As the current health care reform debate takes increasingly religious and moral overtones, it’s likely we will hear asserted more and more that health care is a basic human right, which the government has an obligation to provide to its people. However, whatever the utility of the kind of health care reform considered in Washington and discussed across town hall meetings across the country –and I think reasonable minds could differ on that– I hope we can dispose of what strikes me as a silly notion that health care is a right.
Certain difficulties of such a right present themselves pretty quickly. Health care is an evolving, improving thing– is my right to health care more substantial than my parents’ right in 1970? How could a basic human right change like this? I suppose we could define this right as entitling us to the best health care available currently. However, it’s clear that in nations with socialized medicine– many who prefer to refer to their care as a basic right of their citizens– the level of care is good, but certainly not the best available (see Canada, Cuba, the U.K., Ireland, etc.). Would this level of health care be practically impossible to achieve? (And if so, how could that then be a right?) Maybe a right to health care bespeaks an “average” or medium level? The practical difficulties of defining such a tranche are obvious. A “basic” level? Keep in mind, hospitals are already required by law to not refuse anyone of emergency care, regardless of lack of insurance. Perhaps we’ve already met this basic level.
When it comes down to it, a right to health care would be a right to someone else’s labor and property– those of doctors and hospitals, and ultimately, other private citizens. Suppose no one decided to go through medical school to become a physician. Would the right to health care allow us to compel a certain number of citizens to become doctors to service the rest of society? After all, health care could not exist without such labor. If enough people did choose to become doctors voluntarily, now the fruits of your labor may help pay for these doctors to treat me, who pays less taxes than you. (Remember, the top 1% pays more taxes than the bottom 95%, which constitutes a moral outrage for another day.) And what about the people who can afford to purchase insurance, but choose not to? Does it make any sense for you to have to pay for the insurance I could already afford, even though you made the “wiser” decision of also purchasing insurance for yourself as well? Is any of this morally right? Do I have a right to your labor and property, even if I don’t need them?
Interestingly, Thomas Jefferson defines inalienable rights (upon which a true democratic society is based) to those of life, liberty and property, which on their face may seem to create tension in our context. (I have a right to life, and thus a right to be kept alive?) Not really, though. As Leonard Peikoff argues in a powerful essay worth reading in its entirety, Jefferson is articulating rights to action:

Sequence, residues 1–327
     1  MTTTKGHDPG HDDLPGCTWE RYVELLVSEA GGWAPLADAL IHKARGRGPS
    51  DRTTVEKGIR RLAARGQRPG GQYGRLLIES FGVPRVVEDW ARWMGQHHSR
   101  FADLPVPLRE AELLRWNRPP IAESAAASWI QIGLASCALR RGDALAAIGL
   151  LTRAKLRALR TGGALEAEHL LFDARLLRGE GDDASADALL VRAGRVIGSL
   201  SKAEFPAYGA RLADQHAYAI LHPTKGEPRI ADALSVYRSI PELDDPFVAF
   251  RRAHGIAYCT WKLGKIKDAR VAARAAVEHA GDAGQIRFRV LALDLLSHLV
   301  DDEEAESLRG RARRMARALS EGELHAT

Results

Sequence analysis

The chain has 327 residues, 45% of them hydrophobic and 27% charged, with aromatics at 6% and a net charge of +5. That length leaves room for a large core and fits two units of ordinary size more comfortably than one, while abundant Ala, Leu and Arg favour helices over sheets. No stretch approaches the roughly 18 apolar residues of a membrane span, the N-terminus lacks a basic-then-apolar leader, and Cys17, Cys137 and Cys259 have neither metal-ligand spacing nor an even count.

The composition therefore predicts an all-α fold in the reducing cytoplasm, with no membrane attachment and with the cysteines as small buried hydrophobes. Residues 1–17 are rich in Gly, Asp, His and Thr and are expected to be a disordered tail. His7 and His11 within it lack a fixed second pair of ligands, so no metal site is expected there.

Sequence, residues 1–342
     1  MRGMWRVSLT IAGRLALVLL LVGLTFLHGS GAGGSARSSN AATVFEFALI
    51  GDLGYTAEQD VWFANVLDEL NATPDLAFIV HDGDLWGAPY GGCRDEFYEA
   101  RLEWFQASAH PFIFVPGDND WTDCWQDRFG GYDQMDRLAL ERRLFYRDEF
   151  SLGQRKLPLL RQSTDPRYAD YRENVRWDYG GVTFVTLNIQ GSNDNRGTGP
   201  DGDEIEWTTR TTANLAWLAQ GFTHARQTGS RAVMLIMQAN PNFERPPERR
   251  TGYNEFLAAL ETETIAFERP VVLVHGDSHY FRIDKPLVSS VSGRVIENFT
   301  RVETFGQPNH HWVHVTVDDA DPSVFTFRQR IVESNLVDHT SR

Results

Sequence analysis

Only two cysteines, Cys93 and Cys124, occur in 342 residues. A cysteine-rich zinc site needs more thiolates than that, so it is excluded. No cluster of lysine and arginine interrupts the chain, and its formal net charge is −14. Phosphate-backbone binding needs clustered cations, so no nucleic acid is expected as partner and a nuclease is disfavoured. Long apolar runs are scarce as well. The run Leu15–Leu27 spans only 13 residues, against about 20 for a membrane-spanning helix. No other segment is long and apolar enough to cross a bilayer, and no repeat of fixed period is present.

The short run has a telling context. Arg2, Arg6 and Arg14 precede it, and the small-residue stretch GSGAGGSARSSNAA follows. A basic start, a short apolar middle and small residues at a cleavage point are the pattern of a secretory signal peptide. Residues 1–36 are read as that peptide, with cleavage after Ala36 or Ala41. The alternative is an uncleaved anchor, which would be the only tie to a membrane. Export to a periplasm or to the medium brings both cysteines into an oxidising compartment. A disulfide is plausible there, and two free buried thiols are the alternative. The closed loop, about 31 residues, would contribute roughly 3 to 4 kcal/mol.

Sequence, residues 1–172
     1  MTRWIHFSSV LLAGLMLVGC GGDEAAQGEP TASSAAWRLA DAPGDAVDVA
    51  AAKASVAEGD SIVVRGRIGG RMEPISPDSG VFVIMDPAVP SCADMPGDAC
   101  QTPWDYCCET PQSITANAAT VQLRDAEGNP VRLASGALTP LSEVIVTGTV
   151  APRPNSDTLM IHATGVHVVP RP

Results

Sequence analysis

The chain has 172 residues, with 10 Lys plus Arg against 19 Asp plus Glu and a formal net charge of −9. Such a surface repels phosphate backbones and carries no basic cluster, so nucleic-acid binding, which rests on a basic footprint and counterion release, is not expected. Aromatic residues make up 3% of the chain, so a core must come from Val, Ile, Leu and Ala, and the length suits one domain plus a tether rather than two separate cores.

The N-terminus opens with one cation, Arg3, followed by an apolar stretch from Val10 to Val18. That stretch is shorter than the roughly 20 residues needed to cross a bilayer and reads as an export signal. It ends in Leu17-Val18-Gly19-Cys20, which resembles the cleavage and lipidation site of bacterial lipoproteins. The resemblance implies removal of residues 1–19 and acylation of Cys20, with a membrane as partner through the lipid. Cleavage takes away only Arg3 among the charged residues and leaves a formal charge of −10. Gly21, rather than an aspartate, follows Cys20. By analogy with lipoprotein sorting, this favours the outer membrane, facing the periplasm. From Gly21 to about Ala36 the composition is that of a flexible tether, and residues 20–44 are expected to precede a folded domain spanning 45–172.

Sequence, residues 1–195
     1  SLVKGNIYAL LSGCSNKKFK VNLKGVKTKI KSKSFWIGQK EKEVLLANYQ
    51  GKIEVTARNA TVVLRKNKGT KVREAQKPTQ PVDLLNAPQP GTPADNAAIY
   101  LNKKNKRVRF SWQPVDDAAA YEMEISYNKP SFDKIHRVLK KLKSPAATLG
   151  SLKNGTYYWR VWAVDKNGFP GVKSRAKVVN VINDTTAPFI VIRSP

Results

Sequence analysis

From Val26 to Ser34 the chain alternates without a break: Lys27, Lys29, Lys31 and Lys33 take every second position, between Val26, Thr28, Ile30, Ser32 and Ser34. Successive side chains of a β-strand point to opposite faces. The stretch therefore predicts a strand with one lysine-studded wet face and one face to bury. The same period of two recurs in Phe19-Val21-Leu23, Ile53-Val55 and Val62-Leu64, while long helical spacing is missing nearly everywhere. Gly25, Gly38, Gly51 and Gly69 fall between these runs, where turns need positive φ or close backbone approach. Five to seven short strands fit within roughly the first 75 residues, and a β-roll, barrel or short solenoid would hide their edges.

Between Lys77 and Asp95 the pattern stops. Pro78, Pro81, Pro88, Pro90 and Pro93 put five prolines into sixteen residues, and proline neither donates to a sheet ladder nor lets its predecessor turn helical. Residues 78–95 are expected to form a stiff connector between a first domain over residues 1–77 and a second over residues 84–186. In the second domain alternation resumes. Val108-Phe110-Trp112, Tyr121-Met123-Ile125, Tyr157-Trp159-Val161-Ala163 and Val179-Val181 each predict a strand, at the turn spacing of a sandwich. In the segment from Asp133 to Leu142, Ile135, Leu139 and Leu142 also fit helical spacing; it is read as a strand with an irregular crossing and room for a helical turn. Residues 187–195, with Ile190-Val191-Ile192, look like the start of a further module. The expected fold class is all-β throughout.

“Observe that all legitimate rights have one thing in common: they are rights to action, not to rewards from other people. The American rights impose no obligations on other people, merely the negative obligation to leave you alone. The system guarantees you the chance to work for what you want — not to be given it without effort by somebody else.
The right to life, e.g., does not mean that your neighbors have to feed and clothe you; it means you have the right to earn your food and clothes yourself, if necessary by a hard struggle, and that no one can forcibly stop your struggle for these things or steal them from you if and when you have achieved them. In other words: you have the right to act, and to keep the results of your actions, the products you make, to keep them or to trade them with others, if you wish. But you have no right to the actions or products of others, except on terms to which they voluntarily agree…”
The right to the pursuit of happiness advances the argument. You’re not entitled to happiness, whether provided by God or society, but you are free to pursue it for yourself.
Rights to action have a simple elegance to them in that they are not evolving, unlike what a right to health care may be (ex. 1970s vs. now). (Sure, rights to action were gradually recognized throughout history, but that doesn’t mean they didn’t always exist in absolute form.) Rights to action are not imperfect, inchoate or qualified– they are complete and achievable. More importantly, rights to action also have the advantage of not coming into conflict with each other. To simplify, we are free to do what we want, as long as that doesn’t impinge on others’ ability to do what they want. My rights start where your rights stop. Etc. etc. On the other hand, my right to health care would conflict with your right to your own property, the fruits of your labor. How could that be so unless we were to do away with the foundation of democratic society as conceptualized by our founders?
Now, I’m all for charity– I’m not implying that we shouldn’t be looking out for one another on a private, moral level. I understand the very admirable intentions of some who’d like to locate a right to health care in some transcendent metaphysical reality that would compel the government to act– I really do. (After all, I think you can find an obligation to be your brother’s keeper in a transcendent spiritual reality.) But to impose a right to health care on society through public means is inappropriate and undemocratic because it runs against the logic of inalienable rights.